Tiny but mighty: Taiwan updates mandatory food labelling regulations down to smallest permitted pack sizes

By Pearly Neo

- Last updated on GMT

Taiwan has mandated specific information on the ‘minimum sales units’ of prepackaged foods, as well as added provisions to allow for the use of electronic labelling. ©Getty Images
Taiwan has mandated specific information on the ‘minimum sales units’ of prepackaged foods, as well as added provisions to allow for the use of electronic labelling. ©Getty Images

Related tags Taiwan Food labelling

Taiwan has updated local food labelling laws to mandate the inclusion of specific information on the ‘minimum sales units’ of prepackaged foods, as well as added provisions to allow for the use of electronic labelling.

Taiwan’s food labelling law is covered by the Act Governing Food Safety and Sanitation. In new regulations recently announced by the local Food and Drug Administration (FDA), new provisions have recently been made to ensure that the necessary food safety information is made available on all prepackaged foods being sold to local consumers, down to the smallest possible sales units.

“The smallest possible sales unit is also called the ‘minimum sales unit’ and refers to the smallest unit [available for sale to consumers] at the time of sale, taking into consideration the targeted retail packaging set by the manufacturer,”​ said the Taiwan FDA via a formal statement.

“For example, a candy product could have 20 pieces of candy per bag – if the manufacturer specifies that the product would only be sold by ‘bag’ in supermarkets or otherwise directly to consumers and confirms that it is not possible to sell these as individual pieces via any sales channel, then ‘bag’ is the minimum sales unit of the product and previous product labelling rules will apply.

“If however at the very beginning of product design ‘pieces’ have been designated as the smallest possible sales unit and each individual piece is prepackaged separately, these are the items for which these new labelling regulations apply.

“The largest surface area of these items for the new rules to apply must be less than 20cm2​ - if larger than this, previous rules will apply.”

For example, in supermarkets Ritter’s Sport Mini chocolates are usually sold in a pack of nine individual ‘pieces’, each of these with its own packaging and design that will carry the Ritter’s branding. However, certain convenience stores are known to open these packs up and sell each piece individually, which is possible due to the branding and packaging. In this case, each separate Ritter’s Sport Mini chocolate would be considered a ‘minimum sales unit’ - not the 9-pack.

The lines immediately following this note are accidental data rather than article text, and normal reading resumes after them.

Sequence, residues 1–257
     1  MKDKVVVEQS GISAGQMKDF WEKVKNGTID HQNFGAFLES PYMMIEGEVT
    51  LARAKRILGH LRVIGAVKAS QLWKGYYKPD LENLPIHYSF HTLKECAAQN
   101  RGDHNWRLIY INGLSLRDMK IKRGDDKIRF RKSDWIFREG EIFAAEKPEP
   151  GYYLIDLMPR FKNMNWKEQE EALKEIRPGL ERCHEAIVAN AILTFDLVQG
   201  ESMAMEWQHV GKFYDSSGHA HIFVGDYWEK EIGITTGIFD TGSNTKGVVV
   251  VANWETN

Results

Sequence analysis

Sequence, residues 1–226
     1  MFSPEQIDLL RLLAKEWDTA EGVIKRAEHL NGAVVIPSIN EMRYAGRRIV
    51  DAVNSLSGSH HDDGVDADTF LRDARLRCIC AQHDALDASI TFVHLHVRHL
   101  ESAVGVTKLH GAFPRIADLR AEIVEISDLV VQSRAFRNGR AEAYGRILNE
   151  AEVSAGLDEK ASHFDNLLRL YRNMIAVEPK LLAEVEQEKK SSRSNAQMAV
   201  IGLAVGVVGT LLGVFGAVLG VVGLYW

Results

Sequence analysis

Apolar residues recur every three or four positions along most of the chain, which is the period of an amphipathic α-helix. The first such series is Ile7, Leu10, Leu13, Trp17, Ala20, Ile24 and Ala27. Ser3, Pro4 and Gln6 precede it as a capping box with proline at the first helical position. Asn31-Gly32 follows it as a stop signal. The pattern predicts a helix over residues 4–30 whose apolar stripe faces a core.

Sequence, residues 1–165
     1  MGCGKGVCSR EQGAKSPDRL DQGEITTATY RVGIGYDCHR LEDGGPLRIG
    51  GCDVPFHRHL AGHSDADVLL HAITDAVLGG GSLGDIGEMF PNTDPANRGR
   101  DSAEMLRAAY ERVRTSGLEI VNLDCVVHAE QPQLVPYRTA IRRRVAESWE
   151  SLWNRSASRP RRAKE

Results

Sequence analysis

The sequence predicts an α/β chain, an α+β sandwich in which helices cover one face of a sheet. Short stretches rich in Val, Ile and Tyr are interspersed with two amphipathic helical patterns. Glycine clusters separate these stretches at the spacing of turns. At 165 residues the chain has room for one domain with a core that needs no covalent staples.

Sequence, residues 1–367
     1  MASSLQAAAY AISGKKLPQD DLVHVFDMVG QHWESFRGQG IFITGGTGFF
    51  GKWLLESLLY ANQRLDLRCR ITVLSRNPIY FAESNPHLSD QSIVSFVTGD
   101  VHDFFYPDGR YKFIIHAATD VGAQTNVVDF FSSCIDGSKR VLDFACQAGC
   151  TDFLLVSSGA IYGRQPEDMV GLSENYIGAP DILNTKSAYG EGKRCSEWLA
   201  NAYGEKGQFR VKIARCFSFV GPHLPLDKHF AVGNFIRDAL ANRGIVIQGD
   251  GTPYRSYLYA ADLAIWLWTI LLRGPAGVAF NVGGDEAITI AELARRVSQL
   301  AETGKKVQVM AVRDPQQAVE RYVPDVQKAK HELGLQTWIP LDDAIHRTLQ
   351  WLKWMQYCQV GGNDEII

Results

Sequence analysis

The mandatory information to be included on each minimum sales unit are: Product name, expiry date, name and phone number of the responsible local company, country of origin, origin of raw materials required by regulations, and food safety reminders such as allergens.

“Electronic methods of including this mandatory information such as QR codes have also been approved for usage on each minimum sales unit,”​ said the Taiwan FDA.

“In this case, manufacturers will need to include the product name, expiry date and then the QR code or other electronic method for consumers to access the remaining information. This must be accompanied by a call-to-action statement above or below the electronic code, e.g. ‘Scan here to get product information’ or other equivalent statements.

“Manufacturers can choose either one of these labelling methods to include the mandatory information on the smallest-possible food packages. There is no need to include both.”

Further differentiation

In addition, the FDA also specified that all food items, even if prepackaged, that are either: Unidentifiable as belonging to any specific brand/manufacturer when opened/removed from main package; wrapped in packaging that is not fully sealed; or not individually packed for the purpose of expanding retail scope will not be considered as a minimum sales unit.

“Examples of these include lollipops or chocolates which are wrapped individually in aluminum foil or transparent plastic, [usually to] prevent sticking together or for food safety reasons, but are not meant for individual sales nor are meant to have any information printed on the individual labels,”​ said the agency.

Manufacturers that fail to adhere to these new regulations will face a penalty of between NTD30,000 (US$1,070) and NTD3mn (US$107,072) for offences including failure to include the mandatory information, inclusion of an unreadable or erroneous electronic code, or failure of the electronic code to direct users to the mandatory information.

If the information provided is found to be fake, a higher penalty of between NTD40,000 (US$1,427) and NTD4mn (US$142,762) will be imposed and the products recalled.

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